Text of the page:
Washington has protested to Beijing over a US Navy underwater drone being seized by the Chinese navy in the South China Sea, marking a sharp escalation in already rising tensions between the two countries.
A US defence official said the device was grabbed as it was being operated by the USNS Bowditch, a survey vessel.
The Obama administration issued a formal démarche after the incident, the most dramatic recent flashpoint between the US and China in the South China Sea, where disputes over islands and resources have become a geopolitical faultline and have prompted persistent friction between the two countries’ navies.
The seizure came days after president-elect Donald Trump appeared to challenge Beijing by speaking on the phone with the president of Taiwan and suggesting that he would consider abandoning US policy over the island if China did not make concessions to the US over other issues, including the South China Sea.
“This is the opening shot, the first part of the Chinese response to push back against Trump over Taiwan,” said Harry Kazianis, director of defence studies at the Center for the National Interest in Washington.
“It is likely that this was a very well choreographed decision from the top.”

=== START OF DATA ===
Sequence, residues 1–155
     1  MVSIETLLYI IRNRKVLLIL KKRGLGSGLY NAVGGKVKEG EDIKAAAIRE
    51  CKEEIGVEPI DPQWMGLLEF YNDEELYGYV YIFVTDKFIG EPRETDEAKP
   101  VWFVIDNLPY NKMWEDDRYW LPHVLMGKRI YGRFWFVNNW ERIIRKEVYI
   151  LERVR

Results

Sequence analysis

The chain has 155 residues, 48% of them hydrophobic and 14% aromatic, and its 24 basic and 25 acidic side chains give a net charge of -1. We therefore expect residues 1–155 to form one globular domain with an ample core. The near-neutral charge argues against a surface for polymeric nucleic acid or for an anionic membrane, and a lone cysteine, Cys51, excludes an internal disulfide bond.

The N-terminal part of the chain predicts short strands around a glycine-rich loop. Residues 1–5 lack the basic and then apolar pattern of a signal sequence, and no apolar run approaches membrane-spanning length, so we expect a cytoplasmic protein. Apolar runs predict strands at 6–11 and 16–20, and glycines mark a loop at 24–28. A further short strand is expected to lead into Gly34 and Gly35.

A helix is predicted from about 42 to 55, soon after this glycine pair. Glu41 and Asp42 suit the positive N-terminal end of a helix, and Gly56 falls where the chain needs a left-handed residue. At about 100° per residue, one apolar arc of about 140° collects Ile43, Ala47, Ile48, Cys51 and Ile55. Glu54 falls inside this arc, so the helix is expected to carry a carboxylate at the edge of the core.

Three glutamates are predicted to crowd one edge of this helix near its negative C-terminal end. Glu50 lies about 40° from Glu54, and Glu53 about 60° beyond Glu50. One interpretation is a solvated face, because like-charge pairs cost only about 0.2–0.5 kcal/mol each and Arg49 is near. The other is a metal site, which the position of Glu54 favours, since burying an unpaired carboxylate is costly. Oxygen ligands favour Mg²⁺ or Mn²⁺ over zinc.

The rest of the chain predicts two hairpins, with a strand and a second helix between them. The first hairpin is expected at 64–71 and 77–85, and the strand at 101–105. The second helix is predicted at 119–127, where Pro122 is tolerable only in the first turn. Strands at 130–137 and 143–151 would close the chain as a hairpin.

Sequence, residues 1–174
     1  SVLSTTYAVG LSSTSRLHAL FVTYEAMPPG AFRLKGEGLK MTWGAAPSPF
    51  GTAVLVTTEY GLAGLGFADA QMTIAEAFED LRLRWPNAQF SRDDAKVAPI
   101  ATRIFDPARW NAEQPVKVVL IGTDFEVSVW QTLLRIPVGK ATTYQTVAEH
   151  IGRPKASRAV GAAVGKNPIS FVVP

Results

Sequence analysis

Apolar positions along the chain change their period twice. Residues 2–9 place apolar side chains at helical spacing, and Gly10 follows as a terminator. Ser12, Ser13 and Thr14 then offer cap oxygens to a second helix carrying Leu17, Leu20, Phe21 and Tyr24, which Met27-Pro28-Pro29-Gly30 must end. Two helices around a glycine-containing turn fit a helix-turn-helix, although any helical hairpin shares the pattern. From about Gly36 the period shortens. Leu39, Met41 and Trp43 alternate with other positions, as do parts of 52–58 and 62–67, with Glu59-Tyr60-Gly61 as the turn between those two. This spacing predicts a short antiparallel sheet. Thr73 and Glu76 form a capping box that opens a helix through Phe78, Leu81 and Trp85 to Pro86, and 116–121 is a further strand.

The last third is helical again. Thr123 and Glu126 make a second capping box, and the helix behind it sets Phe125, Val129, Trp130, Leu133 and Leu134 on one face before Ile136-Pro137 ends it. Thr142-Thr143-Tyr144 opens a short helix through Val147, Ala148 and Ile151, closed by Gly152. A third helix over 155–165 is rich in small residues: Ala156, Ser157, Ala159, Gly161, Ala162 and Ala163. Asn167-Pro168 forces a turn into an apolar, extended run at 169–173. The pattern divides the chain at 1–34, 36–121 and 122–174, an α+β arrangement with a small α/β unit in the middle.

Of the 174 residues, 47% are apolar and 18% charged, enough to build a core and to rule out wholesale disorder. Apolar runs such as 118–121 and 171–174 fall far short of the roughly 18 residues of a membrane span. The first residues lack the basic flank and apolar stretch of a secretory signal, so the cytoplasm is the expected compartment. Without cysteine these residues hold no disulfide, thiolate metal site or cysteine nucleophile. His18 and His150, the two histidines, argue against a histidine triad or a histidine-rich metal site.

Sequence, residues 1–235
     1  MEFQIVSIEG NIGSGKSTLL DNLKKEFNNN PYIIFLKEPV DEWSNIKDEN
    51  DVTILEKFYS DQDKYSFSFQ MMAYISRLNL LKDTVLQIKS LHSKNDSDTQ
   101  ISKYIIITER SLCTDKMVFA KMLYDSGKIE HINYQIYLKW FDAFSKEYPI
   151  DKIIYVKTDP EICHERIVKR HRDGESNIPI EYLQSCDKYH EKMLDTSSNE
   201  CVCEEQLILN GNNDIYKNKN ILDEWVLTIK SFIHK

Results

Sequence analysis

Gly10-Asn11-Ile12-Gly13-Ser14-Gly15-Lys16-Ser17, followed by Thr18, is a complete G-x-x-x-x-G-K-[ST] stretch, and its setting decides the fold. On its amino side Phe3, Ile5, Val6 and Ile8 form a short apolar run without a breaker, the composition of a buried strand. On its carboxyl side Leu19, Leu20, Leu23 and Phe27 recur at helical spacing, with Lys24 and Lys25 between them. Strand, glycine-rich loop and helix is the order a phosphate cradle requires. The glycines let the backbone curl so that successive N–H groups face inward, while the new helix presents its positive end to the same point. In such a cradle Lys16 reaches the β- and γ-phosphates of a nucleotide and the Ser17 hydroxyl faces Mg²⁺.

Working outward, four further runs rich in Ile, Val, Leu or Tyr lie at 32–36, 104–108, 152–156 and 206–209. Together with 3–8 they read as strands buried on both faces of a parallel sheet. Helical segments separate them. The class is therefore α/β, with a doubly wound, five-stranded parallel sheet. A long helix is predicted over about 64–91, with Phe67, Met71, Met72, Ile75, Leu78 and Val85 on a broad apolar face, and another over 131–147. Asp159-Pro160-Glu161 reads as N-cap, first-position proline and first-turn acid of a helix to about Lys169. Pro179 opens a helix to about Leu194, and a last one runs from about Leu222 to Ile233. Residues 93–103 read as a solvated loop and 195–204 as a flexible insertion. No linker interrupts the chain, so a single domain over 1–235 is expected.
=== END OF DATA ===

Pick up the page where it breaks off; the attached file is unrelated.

US officials said that the Bowditch had been operating in international waters 50 nautical miles off the coast of the Philippines and was doing “normal” survey operations.
The drone, a so-called “ocean glider” that is used to gather oceanographic data, had returned to the surface and was waiting to be retrieved by the Bowditch. At that time, a Chinese naval vessel launched a small boat that picked up the glider. A radio request to the Chinese to return the drone was ignored.
This is the opening shot, the first part of the Chinese response to push back against Trump over Taiwan
“We call upon China to return our UUV [drone] immediately and to comply with all of its obligations under international law,” said Peter Cook, Pentagon press secretary.
US officials believe the Chinese have deliberately tried to test the resolve of the past two incoming presidents. In 2001, less than three months after George W Bush took office, a collision between a US EP-3 reconnaissance plane and a Chinese fighter jet led to the Chinese impounding the US aircraft and its crew for two weeks before the diplomatic incident was resolved.
Two months after Barack Obama was inaugurated in 2009, the USS Impeccable was harassed by a series of Chinese naval, coast guard and fishing vessels while conducting a surveillance operation in the South China Sea. The US issued a formal protest at the time about what it called “unprofessional” Chinese conduct, while the Chinese government denied the US claims.
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